In learning how to write a rough draft, there’s no one-size-fits-all approach that suits every writer equally. This being said, writing a story draft as quickly as possible helps. Working quicker for the first pass helps to keep you from becoming discouraged or losing interest in your story idea. If you need to speed up your first draft, try a few of these tactics and see which ones help you progress faster:
1. Set a goal before you start
Set a goal that will give you an idea of how many words or pages you need to complete each writing session [side note: when you set your goal date for finishing your draft in your Now Novel profile, you will see a month, week, day and minute countdown clock].
Because your goal is to write fast, your target should be fairly ambitious. If you really find yourself falling short you can go back and change your goal, but keep in mind that the idea is to push yourself and focus on quantity and putting ideas down loosely at this stage. Polish, shine and captivating chapter beginnings, middles and endings come later.
Although writing ‘by the seat of your pants’ (pantsing) may sound a faster way to draft, plotters have the advantage of having laid pathways for the story beforehand:
2. Start with an outline
Using an outline increases your writing speed. Why? The more structure you put in place before actually writing, the easier it will be to keep going. You don’t have to stop as much to think about where your story will take your characters next, or primary story conflicts.
Once you start writing scenes and sequences and chapters the basic structure – one that you can deviate from as needed – is there. Try the Now Novel story builder, a guided process of prompts that will help you gather the loose strands of your ideas and weave them into a richer story tapestry.
Whether or not you have an outline, here is another approach that will help you finish writing a book faster:
3. Create basic scaffolding
Scaffolding is pre-decided structure that’s not quite as detailed as a full novel outline. Let’s say you’re aiming for a draft of about 50,000 words:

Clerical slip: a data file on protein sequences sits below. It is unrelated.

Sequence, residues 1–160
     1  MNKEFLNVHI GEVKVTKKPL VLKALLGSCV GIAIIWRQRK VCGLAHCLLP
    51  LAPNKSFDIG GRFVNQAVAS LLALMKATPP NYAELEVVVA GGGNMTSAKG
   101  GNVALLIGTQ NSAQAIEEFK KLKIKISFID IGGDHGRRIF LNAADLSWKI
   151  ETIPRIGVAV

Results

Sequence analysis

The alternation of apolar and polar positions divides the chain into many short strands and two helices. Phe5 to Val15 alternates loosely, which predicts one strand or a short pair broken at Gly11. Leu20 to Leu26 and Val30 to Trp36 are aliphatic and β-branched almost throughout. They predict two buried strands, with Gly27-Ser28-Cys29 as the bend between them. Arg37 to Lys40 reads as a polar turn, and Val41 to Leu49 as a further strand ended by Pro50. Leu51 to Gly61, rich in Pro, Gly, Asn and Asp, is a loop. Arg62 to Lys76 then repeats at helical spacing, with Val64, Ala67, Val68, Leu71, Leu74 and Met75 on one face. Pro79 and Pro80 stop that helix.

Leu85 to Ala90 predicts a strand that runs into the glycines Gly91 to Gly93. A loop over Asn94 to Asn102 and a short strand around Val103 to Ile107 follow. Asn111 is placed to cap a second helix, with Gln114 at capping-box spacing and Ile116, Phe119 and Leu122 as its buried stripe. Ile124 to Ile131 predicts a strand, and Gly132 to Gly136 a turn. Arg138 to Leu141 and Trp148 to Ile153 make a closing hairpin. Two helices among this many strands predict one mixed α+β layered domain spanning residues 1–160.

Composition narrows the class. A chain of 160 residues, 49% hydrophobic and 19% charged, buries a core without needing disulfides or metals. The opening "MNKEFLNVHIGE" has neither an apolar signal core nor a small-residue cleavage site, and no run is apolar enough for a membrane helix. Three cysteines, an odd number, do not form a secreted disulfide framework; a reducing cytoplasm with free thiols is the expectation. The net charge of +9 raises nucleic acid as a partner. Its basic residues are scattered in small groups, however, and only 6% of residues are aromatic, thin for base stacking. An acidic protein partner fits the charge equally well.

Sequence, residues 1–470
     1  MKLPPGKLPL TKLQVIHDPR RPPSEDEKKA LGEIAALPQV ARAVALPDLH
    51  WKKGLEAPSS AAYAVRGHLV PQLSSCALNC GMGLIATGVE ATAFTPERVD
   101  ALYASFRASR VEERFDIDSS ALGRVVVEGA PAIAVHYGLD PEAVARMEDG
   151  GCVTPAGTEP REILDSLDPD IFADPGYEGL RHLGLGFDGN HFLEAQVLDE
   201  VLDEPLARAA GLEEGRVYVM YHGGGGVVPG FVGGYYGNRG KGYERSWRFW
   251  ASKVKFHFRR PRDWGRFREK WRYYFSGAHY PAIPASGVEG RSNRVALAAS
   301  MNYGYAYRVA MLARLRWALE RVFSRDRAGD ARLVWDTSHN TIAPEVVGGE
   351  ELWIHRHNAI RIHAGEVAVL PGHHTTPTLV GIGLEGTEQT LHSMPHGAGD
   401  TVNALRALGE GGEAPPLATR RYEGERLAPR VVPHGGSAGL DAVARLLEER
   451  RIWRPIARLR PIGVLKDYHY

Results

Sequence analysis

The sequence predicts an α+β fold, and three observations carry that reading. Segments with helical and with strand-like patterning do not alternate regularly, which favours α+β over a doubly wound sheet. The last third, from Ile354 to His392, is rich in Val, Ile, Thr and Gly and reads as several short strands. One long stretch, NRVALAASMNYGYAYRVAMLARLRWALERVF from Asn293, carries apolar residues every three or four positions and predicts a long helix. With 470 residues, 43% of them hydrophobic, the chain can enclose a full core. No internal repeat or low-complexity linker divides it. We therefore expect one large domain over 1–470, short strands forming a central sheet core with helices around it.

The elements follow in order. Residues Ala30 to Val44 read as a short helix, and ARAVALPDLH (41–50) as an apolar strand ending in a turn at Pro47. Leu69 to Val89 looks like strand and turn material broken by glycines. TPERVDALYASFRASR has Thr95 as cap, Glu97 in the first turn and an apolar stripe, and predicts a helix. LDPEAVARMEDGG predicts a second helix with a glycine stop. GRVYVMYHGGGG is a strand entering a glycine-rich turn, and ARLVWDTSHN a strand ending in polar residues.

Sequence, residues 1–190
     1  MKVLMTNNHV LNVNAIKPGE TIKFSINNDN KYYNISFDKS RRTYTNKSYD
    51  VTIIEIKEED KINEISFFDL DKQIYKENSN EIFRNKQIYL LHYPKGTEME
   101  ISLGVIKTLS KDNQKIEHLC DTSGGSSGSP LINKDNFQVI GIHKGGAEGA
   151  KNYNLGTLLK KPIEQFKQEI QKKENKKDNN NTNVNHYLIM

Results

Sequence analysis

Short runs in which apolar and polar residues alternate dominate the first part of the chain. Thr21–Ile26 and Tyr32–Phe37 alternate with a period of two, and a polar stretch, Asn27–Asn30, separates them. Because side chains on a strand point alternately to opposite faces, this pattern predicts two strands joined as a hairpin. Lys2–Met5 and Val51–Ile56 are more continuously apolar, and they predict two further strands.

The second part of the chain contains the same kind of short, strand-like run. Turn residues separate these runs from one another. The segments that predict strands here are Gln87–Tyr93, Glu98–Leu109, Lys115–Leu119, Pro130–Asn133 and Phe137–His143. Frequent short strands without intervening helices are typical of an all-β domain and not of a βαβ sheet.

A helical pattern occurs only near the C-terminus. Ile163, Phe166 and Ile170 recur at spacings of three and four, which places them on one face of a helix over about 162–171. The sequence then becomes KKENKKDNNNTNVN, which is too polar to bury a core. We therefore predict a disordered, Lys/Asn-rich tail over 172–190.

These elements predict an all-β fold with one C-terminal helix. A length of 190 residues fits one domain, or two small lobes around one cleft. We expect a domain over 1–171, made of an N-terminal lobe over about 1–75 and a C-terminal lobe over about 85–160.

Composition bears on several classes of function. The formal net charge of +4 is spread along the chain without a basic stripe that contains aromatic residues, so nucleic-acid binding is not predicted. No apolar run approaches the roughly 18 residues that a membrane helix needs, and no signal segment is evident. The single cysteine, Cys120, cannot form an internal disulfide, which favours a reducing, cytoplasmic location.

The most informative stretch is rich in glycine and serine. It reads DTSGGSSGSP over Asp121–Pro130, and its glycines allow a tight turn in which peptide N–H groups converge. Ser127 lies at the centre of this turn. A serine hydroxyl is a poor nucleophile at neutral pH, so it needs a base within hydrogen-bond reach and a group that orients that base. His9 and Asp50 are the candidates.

First, divide your word count into three acts. Your first and third acts could be 12,500 words long. Your second act could be 25,000 words long.
Secondly, consider the key moments of each act and where you want to place them:
- In act one, you’ll need an opening to establish your character(s) and world. There’ll be an inciting event or multiple smaller events that set off multiple story arcs. You should choose roughly where in your first 12,500 words these will occur
- The middle section of your novel is where you tease out the initial themes and events of your novel and work in character development
- In the final third, the plot must reach a climax and a resolution (or open-ended non-resolution, if you prefer)
This basic scaffolding approach is different from creating a full plot outline. If you’re a pantser you can use this approach because it is not necessary to know what the specific plot points will be until you are writing your draft. This looser approach still gives you a sense of pace to aim for. The key is to remember a first draft vs a final draft is an entirely different prospect. it can be messy. You can see the scaffolding still (you’ll take it all out when you revise, anyway).
4. Strip down your first draft to the simplest elements
Your first draft might not have crazy plot twists or subplots, or all kinds of richly detailed secondary characters. This is fine. It’s easier to write a rough draft fast when you’re focusing on the main, most important events and facts.
Some ways you can simplify your first draft: